French President Emmanuel Macron’s government escaped being overthrown by the parliament by seven votes, on March 20, after Macron forced through, by decree, the attack on pensions that has caused a mass uprising.
Macron’s government is under so much pressure that most of his own MPs stayed away from parliament during the debate on the no-confidence motion.
His bill can now be signed into law, in theory. Under normal circumstances, activists have tremendous difficulty mobilising people against laws once they have been passed. But these are not normal circumstances, and the revolt continues to deepen. In the parliament, as the vote was announced, dozens of radical left MPs held up placards reading “See you on the streets!”.
Ongoing strikes against the pensions law by rubbish collectors have spread to new towns. All the country’s oil refineries, which were being blockaded, have now stopped production, and it takes a week to start them up again. Fifteen hundred petrol stations are already short of fuel. Many thousands of transport workers and dockers are still on strike. Thirty percent of flights were cancelled at two major airports on March 20. The staff at the Opera in Lyon closed down all shows for the March 18–19 weekend. Dozens more strikes continue in different sectors.
Motorways are being joyfully blockaded in scores of places, including Reims and Rennes. TV stations had tremendous difficulty finding drivers in traffic jams who would condemn the movement, so hated is this pensions bill. Bus depots and nuclear power stations, docks and universities are also blockaded. Groups of Yellow Vests have occupied the roundabouts they protested at four years ago. It is impossible to list all the protests, although they are often not yet generalised — most universities and high schools are at work, and most trains and buses are running.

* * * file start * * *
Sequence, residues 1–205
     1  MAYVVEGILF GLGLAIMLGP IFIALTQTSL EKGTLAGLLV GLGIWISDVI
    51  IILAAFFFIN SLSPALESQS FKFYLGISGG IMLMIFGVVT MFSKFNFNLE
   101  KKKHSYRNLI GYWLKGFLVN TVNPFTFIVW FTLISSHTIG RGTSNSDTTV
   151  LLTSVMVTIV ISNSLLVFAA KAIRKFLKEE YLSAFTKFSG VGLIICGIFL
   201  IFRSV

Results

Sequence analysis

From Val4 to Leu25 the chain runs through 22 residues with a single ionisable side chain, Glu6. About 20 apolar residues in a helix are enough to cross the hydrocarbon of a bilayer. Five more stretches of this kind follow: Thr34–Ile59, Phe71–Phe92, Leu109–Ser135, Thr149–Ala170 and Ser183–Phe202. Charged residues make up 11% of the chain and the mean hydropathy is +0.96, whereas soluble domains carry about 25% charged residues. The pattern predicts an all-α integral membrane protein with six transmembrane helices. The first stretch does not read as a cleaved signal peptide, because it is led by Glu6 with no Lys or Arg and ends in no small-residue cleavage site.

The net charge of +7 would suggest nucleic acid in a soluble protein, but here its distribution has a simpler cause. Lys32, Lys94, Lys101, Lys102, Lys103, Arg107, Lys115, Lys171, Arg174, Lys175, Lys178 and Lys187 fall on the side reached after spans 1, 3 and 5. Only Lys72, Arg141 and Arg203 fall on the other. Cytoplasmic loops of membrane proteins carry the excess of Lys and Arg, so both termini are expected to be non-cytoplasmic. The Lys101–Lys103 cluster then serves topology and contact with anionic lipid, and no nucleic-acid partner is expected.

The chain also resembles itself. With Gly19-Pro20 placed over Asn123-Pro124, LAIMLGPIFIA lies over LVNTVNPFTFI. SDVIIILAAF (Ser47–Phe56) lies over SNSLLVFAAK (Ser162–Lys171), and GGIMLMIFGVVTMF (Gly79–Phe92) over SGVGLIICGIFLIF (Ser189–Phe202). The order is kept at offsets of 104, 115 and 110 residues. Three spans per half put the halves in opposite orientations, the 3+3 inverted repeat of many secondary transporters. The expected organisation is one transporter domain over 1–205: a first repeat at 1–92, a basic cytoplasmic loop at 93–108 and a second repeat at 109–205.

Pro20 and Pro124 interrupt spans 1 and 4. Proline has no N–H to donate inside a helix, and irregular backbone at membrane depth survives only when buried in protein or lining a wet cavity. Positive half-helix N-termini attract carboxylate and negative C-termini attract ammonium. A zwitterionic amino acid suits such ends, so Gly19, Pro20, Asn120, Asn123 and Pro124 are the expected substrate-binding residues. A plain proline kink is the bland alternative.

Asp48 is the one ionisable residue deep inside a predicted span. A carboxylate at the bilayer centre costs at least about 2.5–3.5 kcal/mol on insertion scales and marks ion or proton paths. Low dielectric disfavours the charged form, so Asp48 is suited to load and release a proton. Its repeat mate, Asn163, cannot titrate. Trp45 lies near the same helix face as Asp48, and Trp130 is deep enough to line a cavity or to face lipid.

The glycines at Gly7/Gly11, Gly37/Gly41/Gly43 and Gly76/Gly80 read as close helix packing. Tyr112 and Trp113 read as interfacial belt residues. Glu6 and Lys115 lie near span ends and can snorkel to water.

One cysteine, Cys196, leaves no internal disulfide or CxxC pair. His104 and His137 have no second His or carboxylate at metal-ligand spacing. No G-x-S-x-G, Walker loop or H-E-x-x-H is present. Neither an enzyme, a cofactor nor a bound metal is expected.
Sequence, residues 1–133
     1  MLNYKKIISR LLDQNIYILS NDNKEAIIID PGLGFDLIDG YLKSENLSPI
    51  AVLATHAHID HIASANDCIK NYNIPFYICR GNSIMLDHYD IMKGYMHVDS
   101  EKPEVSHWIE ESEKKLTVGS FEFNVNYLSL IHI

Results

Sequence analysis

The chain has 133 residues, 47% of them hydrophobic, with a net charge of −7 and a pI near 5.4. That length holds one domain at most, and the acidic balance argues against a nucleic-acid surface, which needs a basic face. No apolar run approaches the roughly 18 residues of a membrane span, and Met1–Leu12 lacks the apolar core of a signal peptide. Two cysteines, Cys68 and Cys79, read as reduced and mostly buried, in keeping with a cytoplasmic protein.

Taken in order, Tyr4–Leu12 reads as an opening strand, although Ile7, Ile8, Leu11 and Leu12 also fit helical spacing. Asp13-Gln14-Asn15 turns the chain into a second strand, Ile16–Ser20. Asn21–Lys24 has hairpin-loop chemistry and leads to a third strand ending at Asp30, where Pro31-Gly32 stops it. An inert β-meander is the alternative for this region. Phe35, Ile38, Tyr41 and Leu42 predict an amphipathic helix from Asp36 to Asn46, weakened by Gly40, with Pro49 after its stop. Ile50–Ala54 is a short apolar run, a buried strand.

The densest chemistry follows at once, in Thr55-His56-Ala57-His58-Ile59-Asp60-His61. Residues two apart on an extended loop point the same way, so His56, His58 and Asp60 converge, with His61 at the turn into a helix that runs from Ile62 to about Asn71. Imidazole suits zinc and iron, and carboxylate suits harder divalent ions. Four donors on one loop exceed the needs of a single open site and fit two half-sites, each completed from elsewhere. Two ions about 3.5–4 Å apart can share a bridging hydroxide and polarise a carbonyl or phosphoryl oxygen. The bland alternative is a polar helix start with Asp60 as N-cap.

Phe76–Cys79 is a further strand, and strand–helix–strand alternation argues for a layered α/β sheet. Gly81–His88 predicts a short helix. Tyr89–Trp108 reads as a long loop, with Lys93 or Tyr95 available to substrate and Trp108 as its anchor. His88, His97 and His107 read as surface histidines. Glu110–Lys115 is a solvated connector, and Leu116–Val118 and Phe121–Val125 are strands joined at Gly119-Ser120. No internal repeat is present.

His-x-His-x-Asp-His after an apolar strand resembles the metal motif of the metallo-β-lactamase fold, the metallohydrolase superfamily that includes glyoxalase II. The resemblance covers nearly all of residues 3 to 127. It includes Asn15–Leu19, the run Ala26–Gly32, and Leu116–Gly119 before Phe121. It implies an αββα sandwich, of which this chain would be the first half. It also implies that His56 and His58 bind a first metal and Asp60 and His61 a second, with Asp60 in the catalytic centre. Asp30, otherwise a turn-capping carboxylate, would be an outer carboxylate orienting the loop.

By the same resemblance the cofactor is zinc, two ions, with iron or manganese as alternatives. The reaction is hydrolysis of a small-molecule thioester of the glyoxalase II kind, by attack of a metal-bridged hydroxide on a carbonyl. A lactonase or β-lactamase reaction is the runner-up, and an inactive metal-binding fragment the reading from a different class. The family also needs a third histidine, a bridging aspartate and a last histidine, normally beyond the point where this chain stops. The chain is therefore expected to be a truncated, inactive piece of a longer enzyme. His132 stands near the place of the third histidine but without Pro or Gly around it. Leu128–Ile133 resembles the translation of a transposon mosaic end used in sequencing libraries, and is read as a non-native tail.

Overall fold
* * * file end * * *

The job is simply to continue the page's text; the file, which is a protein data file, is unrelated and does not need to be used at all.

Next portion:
As soon as the pensions bill passed on March 17, without a parliamentary vote, a new opinion poll showed that 68% of the population are “angry”, while only 7% are “satisfied” with the government. Among blue-collar workers and low-level office workers, 80% are angry (only 59% of management and senior technical staff are). Even 25% of those who generally vote Macron are angry (18% are satisfied, 41% are indifferent).
Of those who generally vote for Macron, 24% support the ongoing strikes and blockades. That figure rises to 88% of those who vote for the party of radical left leader Jean-Luc Mélenchon, and to 68% of those who generally vote for the far right.
A couple of Macron’s own MPs are even calling on him to back down.
With this level of public support, the main question has to be that of leadership. The national leaders of the eight union confederations, in a rare show of unity, have been calling regularly for days of strikes and demonstrations. Another is planned for March 23, which will be crucially important.
However, the national leaders are not calling for an unlimited general strike, whereas the potential for one is obvious. Sorely-needed strike funds are generally left to local union branches to raise, whereas a national appeal by union leaders would raise millions of euros in no time.
In addition, national union leaders discouraged teachers from striking this week, while national baccalauréat exams are taking place (rather than pushing for the exams to be postponed as they were for COVID-19 a couple of years back).
The momentum we need to win will not come from above.
As soon as it became clear on March 20 that the government had survived by the skin of its teeth — 19 right-wing MPs voted for the no-confidence motion, under huge pressure from the movement — spontaneous demonstrations broke out across the country: in Paris, Rennes, Toulouse, Strasbourg, Nancy, Amiens Dijon, Nantes and many smaller towns.
In several places, demonstrators made good use of the rubbish bins piled up due to the garbage collectors' strike. In Paris, demonstrators played cat and mouse with violent police, while singing songs popular at recent demonstrations, but also a song about Louis XVI being decapitated and the risk Macron might suffer the same fate!
After a couple of weeks’ silence and hoping it would all blow over, Macron will appear on national television on March 22, in a major interview. Let’s hope he inflames the situation even more and his government gets thrown out very soon.
[John Mullen is a revolutionary socialist and a supporter of the France Insoumise. His website is randombolshevik.org.]